- Melt the butter over medium low heat and fry the sage leaves until crispy.
- Top the risotto with the remaining butternut squash and drizzle with the crispy sage sauce. Serve hot with dried cranberries and Italian parsley.
Farrotto Butternut Squash Farro Risotto
Brown Butter Sage Sauce (Burro Bruno e Salvia)
- 8 Tbsp cultured plant based butter (I used Miyoko’s European)
- 15 leaves fresh sage
- Preheat your oven to 400”F.
- Reserve 1 cup of the cubes butternut squash and transfer the rest to a large rimmed baking sheet lined with parchment paper.
- Drizzle the butternut with a light drizzle of olive oil and sprinkle with a pinch of sea salt. Toss to coat well and roast in the preheated oven for 35 minutes or so until the edges start to caramelized to a nice golden brown color.
Make the Farroto
- Bring the vegetable broth to a simmer and mix in the saffron. Remove from heat and keep warm.
- Preheat a large pan over medium low heat and saute the onion in a drizzle of olive oil until soft and translucent.
- Stir in the chopped sage leaves and the farro then toss to coat all over. Toast together with the onion for a couple of minutes then add the white wine. Continue simmering until all the wine has evaporated.
- Stir in the reserved 1 cup pf butternut squash, bay leaf and a couple of ladlefuls of the saffron infused veggie broth, just enough to cover the farro. Stir well and bring to a simmer. Cook uncovered on medium heat stirring often and adding more of the veggie broth as the farro absorb its. Don’t allow the grains to completely dry out.
- Continue for about 35 minutes or so, until the farro has absorbed all of the broth but is still very creamy and a little bit loose.
- Remove from heat, stir in the Violife parmesan, chopped parsley, 1/3 of the roasted butternut squash and cover with a lid. Allow to rest for 5 minutes while you make the butter sage sauce.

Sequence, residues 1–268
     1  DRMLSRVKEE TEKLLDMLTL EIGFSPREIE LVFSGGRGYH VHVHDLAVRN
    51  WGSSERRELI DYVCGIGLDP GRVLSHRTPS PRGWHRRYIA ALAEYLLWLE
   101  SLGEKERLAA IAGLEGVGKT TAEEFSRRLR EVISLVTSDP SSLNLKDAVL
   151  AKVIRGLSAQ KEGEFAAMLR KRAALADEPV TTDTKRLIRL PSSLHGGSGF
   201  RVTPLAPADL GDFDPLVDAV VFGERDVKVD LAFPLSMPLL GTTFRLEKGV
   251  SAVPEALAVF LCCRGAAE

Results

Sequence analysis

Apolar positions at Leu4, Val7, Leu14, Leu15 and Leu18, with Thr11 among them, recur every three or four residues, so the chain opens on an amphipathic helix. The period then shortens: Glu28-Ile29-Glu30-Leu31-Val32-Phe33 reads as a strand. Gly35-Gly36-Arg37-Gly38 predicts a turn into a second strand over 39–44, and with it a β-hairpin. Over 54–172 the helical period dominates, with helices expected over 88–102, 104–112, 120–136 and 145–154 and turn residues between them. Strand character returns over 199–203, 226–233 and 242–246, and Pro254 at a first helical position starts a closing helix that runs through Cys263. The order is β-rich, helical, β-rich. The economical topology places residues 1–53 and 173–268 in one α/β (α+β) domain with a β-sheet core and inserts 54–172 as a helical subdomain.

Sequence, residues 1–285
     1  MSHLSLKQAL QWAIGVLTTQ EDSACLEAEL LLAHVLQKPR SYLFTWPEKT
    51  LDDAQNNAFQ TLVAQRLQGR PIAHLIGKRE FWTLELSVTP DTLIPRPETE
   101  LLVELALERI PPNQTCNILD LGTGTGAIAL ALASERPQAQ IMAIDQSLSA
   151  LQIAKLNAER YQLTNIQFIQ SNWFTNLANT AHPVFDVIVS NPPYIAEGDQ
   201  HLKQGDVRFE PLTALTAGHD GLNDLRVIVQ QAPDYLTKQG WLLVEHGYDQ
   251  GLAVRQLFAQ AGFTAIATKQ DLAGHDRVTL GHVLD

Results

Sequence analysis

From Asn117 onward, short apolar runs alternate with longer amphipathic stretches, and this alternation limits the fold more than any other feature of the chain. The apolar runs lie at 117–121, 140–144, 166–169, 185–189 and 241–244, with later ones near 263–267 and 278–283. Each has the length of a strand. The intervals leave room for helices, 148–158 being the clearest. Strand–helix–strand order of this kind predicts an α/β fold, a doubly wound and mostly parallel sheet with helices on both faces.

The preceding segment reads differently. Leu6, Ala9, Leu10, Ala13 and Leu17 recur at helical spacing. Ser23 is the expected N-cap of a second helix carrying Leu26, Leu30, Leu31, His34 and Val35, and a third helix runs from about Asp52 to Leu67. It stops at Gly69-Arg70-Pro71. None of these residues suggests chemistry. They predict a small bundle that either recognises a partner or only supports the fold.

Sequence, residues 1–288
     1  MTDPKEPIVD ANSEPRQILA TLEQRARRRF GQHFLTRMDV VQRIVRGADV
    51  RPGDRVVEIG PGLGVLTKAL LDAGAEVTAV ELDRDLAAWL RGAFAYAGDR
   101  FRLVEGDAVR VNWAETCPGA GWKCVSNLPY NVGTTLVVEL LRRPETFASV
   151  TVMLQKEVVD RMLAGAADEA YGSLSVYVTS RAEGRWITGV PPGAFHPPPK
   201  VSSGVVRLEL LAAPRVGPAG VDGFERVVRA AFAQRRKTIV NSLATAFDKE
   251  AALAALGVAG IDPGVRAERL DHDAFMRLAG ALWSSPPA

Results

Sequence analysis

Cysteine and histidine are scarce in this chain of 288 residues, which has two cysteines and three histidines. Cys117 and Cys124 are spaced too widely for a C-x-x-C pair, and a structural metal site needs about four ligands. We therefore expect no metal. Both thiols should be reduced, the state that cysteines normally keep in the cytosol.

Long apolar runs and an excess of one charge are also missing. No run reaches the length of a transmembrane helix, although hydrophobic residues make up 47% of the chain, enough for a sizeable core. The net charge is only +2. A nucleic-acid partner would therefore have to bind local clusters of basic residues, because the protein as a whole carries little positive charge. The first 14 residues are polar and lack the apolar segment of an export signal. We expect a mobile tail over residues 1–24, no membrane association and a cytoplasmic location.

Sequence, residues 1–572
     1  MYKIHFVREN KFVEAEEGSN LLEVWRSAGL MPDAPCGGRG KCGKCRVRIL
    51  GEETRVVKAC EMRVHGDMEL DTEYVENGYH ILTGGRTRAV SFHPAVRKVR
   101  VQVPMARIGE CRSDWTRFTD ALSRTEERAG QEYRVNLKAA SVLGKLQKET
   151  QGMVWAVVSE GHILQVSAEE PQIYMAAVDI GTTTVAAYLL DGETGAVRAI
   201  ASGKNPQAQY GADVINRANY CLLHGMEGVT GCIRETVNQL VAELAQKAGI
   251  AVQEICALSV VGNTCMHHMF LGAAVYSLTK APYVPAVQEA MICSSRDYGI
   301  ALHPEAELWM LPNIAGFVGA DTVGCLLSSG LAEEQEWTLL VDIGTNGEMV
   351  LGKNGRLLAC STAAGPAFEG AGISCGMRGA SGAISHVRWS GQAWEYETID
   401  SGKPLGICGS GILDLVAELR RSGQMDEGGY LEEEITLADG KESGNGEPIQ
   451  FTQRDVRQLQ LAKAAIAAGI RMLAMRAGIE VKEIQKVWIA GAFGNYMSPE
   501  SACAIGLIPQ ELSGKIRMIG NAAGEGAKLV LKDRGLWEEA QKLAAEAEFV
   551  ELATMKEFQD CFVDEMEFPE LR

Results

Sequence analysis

Brown Butter Sage Sauce
- Add the butter to a light colored pan over medium low heat. As soon as it starts foaming up drop in the sage leaves and cook for 3 to 5 minutes. Do not stir.
- The butter will continue foaming up and turn brown. As soon as the foam subsides remove from heat. The sage leaves should be perfectly crispy at this stage.
- Plate the farro risotto and top with the roasted butternut squash cubes.
- Pour the brown butter with the sage leaves over the butternut squash risotto and serve promptly sprinkled with cranberries, extra Violife parmesan and a few leaves of Parsley for garnish..
- Substitutions - The best substitute for farro in my opinion are wheat berries. However those definitely need an overnight soak in warm water and take longer to cook but they are more nutritious with a nuttier richer flavor profile and super delicious in a risotto. You could also sub with barley and adjust cooking times until tender to your liking.
- Toppings - if you aren't feeling the roasted butternut squash quite yet you could go for a Farrotto Pomodoro much like I did here with this Fregola pasta. Or go wild with a mix of mushrooms, caramelized onions, grilled asparagus, zucchini or marinated artichoke hearts and a drizzle of basil pesto. Stir in some dark leafy greens like baby kale and cook just until wilted, top with tons of fresh herbs for a risotto di verdure. Think of anything you can pop in the oven: roasted broccoli, sweet potato cubes, beets, carrots, a caramelized fennel bulb etc..